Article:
You are encouraged to make an album and post hoof pictures and any radiographs you might have so we can to look to see if you have an optimal trim in place. Read this section of the wiki for how to get a hoof evaluation, what photos are needed, and how to get the best hoof shots and radiographs.

EXERCISEThe best IR buster there is, but only if the equine is comfortable and non-laminitic. An individual that has had laminitis needs 6-9 months of correct realigning trims before any serious exercise can begin. Once the equine is moving around comfortably at liberty, hand walking can begin in long straight lines with no tight turns. Do not force a laminitic individual to move, or allow its other companions to do so. It will begin to move once the pain begins to subside. Resting its fragile feet is needed for healing to take place so if the animal wants to lay down, do not encourage it to get up. Place feed and water where it can be reached easily without having to move any more than necessary. Be extremely careful about movement while using NSAIDs (bute, banamine, previcox, etc.) as it masks pain and encourages more movement than these fragile feet are actually able to withstand. Additionally, NSAIDs (and icing) do not work on metabolic laminitis and long term NSAID use interferes with healing. Therefore, we recommend tapering off NSAIDs after the first week or so of use. If after a week's time your equine's comfort level has not increased, then the cause of the laminitis has not been removed and keeping up the NSAIDs isn't the answer - you need to address the underlying cause.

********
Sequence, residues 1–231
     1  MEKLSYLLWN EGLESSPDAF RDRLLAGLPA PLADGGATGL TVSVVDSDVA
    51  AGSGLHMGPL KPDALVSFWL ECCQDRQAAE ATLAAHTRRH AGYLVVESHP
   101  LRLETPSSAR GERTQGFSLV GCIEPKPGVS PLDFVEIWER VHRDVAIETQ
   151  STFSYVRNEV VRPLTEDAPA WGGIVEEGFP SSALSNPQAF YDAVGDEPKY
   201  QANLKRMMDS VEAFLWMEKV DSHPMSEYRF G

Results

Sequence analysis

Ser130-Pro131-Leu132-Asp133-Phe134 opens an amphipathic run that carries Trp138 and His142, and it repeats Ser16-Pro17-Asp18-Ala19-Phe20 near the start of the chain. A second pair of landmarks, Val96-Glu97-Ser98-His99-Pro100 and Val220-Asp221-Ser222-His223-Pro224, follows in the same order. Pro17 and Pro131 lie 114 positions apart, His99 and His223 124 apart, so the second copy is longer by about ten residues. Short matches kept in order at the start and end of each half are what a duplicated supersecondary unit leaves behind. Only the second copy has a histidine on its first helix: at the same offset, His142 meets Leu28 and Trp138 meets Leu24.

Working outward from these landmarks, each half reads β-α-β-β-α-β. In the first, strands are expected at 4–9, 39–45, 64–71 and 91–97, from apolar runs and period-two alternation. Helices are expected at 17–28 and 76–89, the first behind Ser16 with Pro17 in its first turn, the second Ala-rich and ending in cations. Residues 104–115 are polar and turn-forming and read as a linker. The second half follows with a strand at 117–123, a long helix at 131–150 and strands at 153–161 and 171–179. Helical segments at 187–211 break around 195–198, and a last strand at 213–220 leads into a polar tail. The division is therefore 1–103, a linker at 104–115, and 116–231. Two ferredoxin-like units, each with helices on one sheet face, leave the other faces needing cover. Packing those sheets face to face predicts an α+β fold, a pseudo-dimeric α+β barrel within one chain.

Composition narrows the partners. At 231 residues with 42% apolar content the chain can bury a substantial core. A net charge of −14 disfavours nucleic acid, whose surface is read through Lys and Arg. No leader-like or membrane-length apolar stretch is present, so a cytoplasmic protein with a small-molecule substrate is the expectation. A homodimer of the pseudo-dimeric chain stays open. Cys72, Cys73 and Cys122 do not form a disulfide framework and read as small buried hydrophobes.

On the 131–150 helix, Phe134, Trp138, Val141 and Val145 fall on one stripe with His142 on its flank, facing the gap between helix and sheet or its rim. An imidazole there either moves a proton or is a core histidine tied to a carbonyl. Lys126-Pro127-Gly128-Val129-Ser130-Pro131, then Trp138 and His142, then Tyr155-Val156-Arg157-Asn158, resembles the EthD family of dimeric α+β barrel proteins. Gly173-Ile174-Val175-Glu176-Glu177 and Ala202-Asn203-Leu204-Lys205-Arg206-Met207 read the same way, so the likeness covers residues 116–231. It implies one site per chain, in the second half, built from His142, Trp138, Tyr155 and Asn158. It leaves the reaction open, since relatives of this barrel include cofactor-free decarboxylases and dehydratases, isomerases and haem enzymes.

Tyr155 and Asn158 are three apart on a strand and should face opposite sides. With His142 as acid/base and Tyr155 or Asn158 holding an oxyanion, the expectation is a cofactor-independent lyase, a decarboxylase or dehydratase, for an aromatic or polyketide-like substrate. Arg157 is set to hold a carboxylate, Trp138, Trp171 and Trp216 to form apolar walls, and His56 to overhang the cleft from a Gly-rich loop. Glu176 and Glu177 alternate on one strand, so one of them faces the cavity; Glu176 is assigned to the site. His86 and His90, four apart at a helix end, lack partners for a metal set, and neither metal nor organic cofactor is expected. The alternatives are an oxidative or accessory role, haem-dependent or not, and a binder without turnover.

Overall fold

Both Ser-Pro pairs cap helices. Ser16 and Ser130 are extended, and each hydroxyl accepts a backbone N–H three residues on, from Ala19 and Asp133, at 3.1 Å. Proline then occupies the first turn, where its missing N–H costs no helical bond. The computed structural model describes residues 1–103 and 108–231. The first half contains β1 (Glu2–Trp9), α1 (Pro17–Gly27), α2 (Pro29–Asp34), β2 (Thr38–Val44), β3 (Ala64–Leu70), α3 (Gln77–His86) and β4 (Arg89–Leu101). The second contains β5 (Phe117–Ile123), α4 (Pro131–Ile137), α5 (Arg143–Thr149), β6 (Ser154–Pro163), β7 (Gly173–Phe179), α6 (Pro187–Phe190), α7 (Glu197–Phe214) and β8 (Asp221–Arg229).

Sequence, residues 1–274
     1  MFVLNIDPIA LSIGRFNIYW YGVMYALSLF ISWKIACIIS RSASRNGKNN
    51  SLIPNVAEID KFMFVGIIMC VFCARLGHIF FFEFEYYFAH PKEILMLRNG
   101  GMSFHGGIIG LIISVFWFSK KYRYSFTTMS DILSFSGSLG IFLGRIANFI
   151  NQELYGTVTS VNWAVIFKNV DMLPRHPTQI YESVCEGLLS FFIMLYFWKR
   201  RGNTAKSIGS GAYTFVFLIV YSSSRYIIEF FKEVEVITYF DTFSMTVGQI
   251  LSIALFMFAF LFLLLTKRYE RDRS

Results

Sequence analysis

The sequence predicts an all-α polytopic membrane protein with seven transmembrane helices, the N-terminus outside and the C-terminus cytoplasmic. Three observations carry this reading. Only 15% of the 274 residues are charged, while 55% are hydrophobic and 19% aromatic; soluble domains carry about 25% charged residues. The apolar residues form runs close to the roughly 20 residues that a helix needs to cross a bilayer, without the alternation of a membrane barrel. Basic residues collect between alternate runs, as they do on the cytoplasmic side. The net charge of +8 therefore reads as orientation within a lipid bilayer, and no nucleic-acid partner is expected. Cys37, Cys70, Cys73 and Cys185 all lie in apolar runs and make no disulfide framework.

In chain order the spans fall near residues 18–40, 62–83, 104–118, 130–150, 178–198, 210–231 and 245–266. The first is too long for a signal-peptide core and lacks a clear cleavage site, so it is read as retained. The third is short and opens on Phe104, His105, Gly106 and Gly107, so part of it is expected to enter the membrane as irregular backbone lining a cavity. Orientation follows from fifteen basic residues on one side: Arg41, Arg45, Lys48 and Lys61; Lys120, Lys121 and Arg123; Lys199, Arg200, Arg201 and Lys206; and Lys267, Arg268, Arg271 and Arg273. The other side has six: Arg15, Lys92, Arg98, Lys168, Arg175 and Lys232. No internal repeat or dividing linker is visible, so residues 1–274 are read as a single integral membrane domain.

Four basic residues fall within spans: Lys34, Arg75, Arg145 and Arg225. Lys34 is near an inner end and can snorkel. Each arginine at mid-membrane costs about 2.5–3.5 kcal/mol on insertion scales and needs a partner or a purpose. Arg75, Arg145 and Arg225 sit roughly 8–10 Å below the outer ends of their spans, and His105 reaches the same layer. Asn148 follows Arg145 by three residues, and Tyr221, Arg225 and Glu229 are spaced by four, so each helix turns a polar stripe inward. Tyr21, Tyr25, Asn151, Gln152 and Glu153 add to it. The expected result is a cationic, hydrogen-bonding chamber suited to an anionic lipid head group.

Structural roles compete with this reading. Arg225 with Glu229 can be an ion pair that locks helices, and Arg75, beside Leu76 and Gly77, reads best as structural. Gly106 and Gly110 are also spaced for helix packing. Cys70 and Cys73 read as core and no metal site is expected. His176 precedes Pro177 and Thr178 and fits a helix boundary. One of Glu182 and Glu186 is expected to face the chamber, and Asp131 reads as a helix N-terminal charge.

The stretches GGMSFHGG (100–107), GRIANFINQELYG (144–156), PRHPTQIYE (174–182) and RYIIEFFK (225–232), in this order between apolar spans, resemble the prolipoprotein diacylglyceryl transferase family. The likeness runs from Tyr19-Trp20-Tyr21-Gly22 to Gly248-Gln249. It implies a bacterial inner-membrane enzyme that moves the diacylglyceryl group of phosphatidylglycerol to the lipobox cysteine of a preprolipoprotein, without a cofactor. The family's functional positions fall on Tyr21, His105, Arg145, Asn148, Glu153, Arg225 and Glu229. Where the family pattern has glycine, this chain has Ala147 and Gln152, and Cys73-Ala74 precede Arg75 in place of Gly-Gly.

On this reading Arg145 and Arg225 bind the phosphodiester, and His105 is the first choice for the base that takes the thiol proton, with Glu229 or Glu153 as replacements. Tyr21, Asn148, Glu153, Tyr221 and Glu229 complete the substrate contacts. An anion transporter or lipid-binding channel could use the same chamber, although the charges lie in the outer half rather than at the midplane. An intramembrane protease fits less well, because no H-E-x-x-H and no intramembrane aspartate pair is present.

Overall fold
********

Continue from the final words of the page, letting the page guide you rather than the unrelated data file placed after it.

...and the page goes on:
There is lots more information in our files and archived messages and also on our website. It is a lot of information, so take some time to go over it and feel free to ask any questions. If you are feeling overwhelmed, don't worry, you will catch on, and we are always here to help you! Once you have your case history uploaded, we can help you help your equine partner even better.

If you have any technical difficulties, please let us know so we can help you.

Ask any and all questions, and, again, welcome!


Merlin and Maggie (over the bridge), Gypsy, Ranger
ECIR mod/support, Smithers, BC 09 .

Sarah Radachy

Thank you for your time. Looks like the consensus is to test her after she foals and weans. Also think I will test foal. Treat her as Ir until she is tested. I will probably continue the NRF2 as I was feeding a large dose of it and I personally take it myself. I will look into the feeds recommend and do some research. Also get my next stack of hay tested so I can get something that works well for that particular stack. 

When weather cools is she safe to ride? Like to keep mares in somewhat shape up until foaling.

Thank you!  
Sarah Radachy

Eleanor Kellon, VMD

No point in testing the foal until she stops growing. You can ride her as long as she's not lame. Protein and mineral levels are critical for the proper development of the foal. Get help.
Eleanor in PA 
EC Owner 2001